The Comptroller of the UKIPO rejected the SPC application on the ground that no MA was granted when the application was submitted, and this did not constitute an irregularity that may be rectified under Article 10(3) of the Regulation.
2.2. The issues and the answers of the CJEU
MSD brought an action against the Comptroller’s decision before the High Court of Justice, which stayed the proceedings and referred the following questions to the CJEU:
“(1) Is an end of procedure notice issued by the reference Member State under Article 28(4) of Directive [2001/83] before expiry of the basic patent to be treated as equivalent to a granted marketing authorisation for the purpose of Article 3(b) of [the SPC Regulation], such that an applicant for [an SPC] in the Member State in question is entitled to apply for and be granted [an SPC] on the basis of the end of procedure notice?
(2) If the answer to question 1 is no: in the circumstances in question, is the absence of a granted marketing authorisation in the Member State in question at the date of the application for [an SPC] in that Member State an irregularity that can be cured under Article 10(3) of [the SPC Regulation] once the marketing authorisation has been granted?”.
On the first question the CJEU answered that an end of procedure notice cannot be treated as equivalent to a MA. Indeed, according to the CJEU, the word “granted” in Article 3(b) of the Regulation means that the whole administrative proceedings relating to the issue of the MA must have been completed. Since the grant of an SPC is linked to the grant of a MA, the former can only be granted if the latter has been granted. The adoption of an end of procedure notice represents only an intermediate stage in the decentralized procedure. Although the notice has features of a MA (guaranteeing safety, identifying the product, etc.), it importantly does not permit an applicant to place on the market the medicinal product, which is rather the essential feature of a MA. Therefore, an end of procedure notice does not have the same legal effect as a valid MA.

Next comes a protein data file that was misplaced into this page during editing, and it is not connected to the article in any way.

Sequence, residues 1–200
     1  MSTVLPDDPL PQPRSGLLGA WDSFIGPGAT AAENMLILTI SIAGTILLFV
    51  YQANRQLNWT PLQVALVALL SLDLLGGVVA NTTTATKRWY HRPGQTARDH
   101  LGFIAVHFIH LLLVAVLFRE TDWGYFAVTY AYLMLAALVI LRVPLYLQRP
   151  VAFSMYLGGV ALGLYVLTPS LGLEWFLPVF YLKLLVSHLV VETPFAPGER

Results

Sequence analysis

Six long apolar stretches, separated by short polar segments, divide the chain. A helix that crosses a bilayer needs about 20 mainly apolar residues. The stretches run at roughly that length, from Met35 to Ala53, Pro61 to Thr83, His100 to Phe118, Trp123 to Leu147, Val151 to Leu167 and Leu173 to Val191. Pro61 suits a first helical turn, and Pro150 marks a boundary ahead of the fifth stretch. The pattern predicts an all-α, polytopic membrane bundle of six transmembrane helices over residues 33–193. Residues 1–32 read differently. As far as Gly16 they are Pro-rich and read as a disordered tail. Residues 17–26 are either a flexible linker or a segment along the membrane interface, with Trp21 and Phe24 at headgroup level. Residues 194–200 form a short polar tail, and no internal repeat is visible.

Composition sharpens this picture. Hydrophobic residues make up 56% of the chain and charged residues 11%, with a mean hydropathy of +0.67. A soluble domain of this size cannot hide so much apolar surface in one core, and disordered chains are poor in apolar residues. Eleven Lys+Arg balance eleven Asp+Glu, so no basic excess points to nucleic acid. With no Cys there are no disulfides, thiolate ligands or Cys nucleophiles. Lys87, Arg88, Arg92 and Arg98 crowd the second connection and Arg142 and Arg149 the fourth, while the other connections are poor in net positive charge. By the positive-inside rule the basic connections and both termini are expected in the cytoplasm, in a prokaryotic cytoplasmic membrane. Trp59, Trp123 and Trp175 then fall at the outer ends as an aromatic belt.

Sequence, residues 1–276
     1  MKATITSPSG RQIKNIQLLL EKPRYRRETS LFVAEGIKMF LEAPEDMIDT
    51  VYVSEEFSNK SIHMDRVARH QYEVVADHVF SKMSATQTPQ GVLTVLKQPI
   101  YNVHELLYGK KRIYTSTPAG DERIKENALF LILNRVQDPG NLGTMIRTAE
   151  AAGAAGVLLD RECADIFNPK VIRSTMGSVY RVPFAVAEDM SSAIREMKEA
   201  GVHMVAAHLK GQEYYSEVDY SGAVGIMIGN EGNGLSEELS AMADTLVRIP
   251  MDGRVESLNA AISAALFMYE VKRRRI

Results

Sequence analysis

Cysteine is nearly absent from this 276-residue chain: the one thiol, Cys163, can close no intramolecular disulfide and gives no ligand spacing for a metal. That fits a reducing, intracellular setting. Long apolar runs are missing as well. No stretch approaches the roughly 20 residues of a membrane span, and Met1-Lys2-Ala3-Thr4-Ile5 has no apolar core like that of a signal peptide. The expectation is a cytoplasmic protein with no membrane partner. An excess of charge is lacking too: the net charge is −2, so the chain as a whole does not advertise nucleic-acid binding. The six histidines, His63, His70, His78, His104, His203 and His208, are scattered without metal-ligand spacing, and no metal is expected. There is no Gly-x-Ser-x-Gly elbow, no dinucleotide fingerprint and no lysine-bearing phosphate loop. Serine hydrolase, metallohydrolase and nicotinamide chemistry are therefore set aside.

The CJEU’s answer to the second question was also negative. Article 3(b) of the Regulation provides an SPC is to be granted only “if […] a valid authorisation to place the product on the market as a medicinal product has been granted”. If the MA is not granted, then the SPC should be rejected by the relevant authority. Article 10(3) of the Regulation applies only to potential irregularities relating to the application for the SPC, and so for curing defects relating to paperwork, and not defects relating to the conditions of grant. Clearly, as the CJEU stated, the absence of a MA is “an irregularity in connection with the product, as a medicinal product, not an irregularity in connection with the SPC application”.
The approach of the CJEU seems a bit too strict, given that once an end of procedure notice is issued by the reference Member State, the issue of the MA in all other Member States is almost only a matter of time. However, on the other hand, when it comes to patents, time is of the essence and is what matters most. And given that under Article 3(a) of the Regulation the first requirement to be met in order to obtain an SPC is that “the product is protected by a basic patent in force”, if the MA (the second requirement, under Article 3(b) of the Regulation) is granted only after the patent has lapsed, the SPC cannot be granted. It’s the law: “dura lex, sed lex”.